Asteria, part of the West End apartments is a newly constructed apartment complex located at 4 Emerson Place in Boston. Your apartment features include 9 foot high ceilings, oversized windows, cherry kitchen and bath cabinets, stainless steel appliance and washer and dryer. The community features a fitness center, swimming pool, full service concierge, playground and gated access. Public transportation is available at North Station (Green and Orange Line) and Charles/MGH (Red Line).
From BOS airport Go Northwest toward terminal C. Straight to MA A S/ S/William MC Clellan Hwy/East. Turn left onto Ramp I 93 North/Government Center. Take the Ramp to Government Center and turn left at light to Government Center/ Faneuil Hall. Turn left onto New Chardon Street. Go right onto Cambridge Street. Turn right onto Blossom Street. Take a right onto Emerson place._
Katy looked out her window this morning at Charles River Park to spot an addition to a snow bank.
Courtney Sacco photographed Rene Fielding of the Mayor's Office of Emergency Management helping to clear hydrants in Charlestown today. Troublewithtribbles photographed a road by Mass. General that is still so clogged with snow cars and trucks were parking in the travel lane.
Photos copyright Courtney Sacco and Troublewithtribbles respectively. Posted in the Universal Hub pool on Flickr.
He might be a prisoner who just escaped from a work detail. Anne Allred at Channel 7 tweets police are now looking for Milton Walker, 39, serving time for auto theft, B&E and larceny.
As the Boston Athenaeum continues to dry out from flooding caused by a burst pipe, officials hope to re-open early next week.
In a daily e-mail update to members of the private library on Beacon Hill, Director and Librarian Paula Matthews said workers discovered the source of the flooding was a burst iron sprinkler pipe above the ceiling of one of the library's reading rooms. Once repaired, the library will be able to turn its sprinkler and fire-alarm systems back on, with the goal of re-opening in time for a Tuesday-evening lecture.
Matthews added that librarians hope to recover more than 1,000 circulating books that were soaked when the pipe burst. None of the library's paintings, sculptures or rare books were harmed, and no exhibit spaces were damaged. There was some minor damage to a few rugs and some furniture, she wrote.
The library was founded more than 200 years ago and houses rare book and art collections, in addition to a circulating library for its members.
There's an article in today's Boston Globe Magazine with the title Home sweet hell: Falling into the condo trap.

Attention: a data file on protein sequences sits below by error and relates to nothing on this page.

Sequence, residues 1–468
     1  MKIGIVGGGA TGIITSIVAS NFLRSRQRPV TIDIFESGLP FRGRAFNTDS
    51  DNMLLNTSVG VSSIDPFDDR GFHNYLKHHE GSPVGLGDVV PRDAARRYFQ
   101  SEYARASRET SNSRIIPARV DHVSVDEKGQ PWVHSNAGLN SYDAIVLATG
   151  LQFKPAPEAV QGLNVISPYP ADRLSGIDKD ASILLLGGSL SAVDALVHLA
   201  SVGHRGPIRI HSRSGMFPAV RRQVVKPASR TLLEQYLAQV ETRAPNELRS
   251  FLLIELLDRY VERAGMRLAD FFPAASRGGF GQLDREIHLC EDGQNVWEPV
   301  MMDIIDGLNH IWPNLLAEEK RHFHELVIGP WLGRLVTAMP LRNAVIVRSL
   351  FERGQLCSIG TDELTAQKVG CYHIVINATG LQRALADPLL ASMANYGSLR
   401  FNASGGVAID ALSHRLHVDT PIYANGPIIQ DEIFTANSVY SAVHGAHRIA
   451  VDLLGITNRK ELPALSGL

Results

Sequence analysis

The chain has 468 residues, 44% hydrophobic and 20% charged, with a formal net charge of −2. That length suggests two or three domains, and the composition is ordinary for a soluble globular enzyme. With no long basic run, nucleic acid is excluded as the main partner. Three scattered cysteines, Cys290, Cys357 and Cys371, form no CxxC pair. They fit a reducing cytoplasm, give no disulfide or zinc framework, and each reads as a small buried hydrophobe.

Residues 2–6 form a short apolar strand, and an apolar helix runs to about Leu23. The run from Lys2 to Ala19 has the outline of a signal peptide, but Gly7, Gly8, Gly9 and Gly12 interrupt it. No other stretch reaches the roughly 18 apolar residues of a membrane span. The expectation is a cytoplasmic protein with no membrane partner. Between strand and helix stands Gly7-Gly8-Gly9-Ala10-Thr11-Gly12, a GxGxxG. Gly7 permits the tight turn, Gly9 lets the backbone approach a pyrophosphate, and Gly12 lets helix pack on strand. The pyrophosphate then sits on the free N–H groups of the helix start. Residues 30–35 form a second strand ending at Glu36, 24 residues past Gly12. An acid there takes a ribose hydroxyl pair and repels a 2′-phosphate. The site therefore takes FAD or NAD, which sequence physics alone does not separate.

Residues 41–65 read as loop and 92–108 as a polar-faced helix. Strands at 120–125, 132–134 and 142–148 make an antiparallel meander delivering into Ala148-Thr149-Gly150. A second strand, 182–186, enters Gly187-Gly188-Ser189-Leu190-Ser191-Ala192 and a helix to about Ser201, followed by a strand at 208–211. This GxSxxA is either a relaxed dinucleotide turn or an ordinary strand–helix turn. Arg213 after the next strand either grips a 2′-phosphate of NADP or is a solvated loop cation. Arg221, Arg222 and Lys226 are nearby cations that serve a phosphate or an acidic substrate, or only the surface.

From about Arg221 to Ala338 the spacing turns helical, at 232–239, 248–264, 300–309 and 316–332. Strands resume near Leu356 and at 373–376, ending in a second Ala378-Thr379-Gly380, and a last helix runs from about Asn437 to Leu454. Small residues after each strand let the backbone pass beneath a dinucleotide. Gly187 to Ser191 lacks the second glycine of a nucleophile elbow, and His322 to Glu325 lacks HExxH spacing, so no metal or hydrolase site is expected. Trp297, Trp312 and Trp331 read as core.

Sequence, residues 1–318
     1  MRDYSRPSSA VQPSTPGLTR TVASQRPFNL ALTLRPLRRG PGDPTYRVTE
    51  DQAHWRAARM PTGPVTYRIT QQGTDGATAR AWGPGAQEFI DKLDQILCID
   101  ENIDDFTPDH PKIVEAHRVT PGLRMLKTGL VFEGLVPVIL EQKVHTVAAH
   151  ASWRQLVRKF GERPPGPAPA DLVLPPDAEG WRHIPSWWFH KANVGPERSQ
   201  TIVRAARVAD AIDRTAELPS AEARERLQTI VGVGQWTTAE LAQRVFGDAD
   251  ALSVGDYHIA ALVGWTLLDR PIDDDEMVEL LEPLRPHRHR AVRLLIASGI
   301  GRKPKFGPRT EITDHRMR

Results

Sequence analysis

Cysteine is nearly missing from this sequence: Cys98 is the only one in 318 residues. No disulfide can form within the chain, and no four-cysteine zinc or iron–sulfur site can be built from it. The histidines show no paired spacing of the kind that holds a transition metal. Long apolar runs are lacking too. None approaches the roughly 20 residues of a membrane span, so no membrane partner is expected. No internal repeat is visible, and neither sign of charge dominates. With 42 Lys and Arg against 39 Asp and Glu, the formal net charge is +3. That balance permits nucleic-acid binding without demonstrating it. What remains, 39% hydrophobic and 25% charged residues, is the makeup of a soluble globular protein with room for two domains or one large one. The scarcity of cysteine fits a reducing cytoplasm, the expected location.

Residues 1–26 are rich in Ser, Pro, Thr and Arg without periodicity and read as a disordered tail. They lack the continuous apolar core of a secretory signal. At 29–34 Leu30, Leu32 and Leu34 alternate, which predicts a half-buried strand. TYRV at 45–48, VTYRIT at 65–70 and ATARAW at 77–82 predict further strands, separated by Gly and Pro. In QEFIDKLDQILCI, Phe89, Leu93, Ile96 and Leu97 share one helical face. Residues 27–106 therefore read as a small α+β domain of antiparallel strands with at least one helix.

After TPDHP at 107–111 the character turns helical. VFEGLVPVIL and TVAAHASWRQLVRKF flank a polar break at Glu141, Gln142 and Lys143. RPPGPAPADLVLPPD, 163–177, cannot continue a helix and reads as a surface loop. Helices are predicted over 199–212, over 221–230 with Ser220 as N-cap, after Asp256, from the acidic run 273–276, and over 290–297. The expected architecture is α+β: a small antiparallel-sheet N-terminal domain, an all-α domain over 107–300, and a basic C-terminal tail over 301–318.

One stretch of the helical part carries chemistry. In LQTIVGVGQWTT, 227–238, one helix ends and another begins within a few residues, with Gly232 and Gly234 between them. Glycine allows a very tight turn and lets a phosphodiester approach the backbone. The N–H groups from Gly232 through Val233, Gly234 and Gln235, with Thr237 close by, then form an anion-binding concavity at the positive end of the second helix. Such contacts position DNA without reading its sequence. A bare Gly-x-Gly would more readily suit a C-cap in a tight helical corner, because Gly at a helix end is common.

A 27-year old novelist moved into a four-unit condominium building back in 1999. Almost immediately, she began having confrontations with her upstairs neighbors who, according to the article, had majority ownership of the condo association, meaning they pretty much controlled what did or did not happen in regard to the building.
She’d left her laundry in the building’s coin-op washer for too long, she’d left her boots in the hallway and created an eyesore, she’d arranged her things in the common storage unit in a way that somehow annoyed them.
But, the real story isn't the article (although it's written very well and is both entertaining and educational).
The Boston.com message board reached a nasty level of discourse I'm only used to seeing on the other major Boston daily newspaper's site.
Criticism of the novelist:
- she is a "self-centered brat"
It may sound counter-intuitive to those of us with just one pickup a week, but Ross Levanto explains how cutting the neighborhood's weekly trash pickups from three to two would make the place less trashy:
One out of every four hours during the week, trash is at the side of the street. No wonder trash remains the top area of concern for residents. Switching to two days of pick up, plus recycling on each of these days (hence, 2 + 2) will greatly improve the trash situation on Beacon Hill, and in the other downtown neighborhoods that currently have three pick-up days.
Neal Gaffey attended Deval Patrick's inauguration at the State House, a centerpiece of which was a large cake in the shape of the building. Courtney Saccor photographed state Senate President Therese Murray administering the oath of office to Patrick as his wife Diane held a bible and Secretary of State Bill Galvin looked on: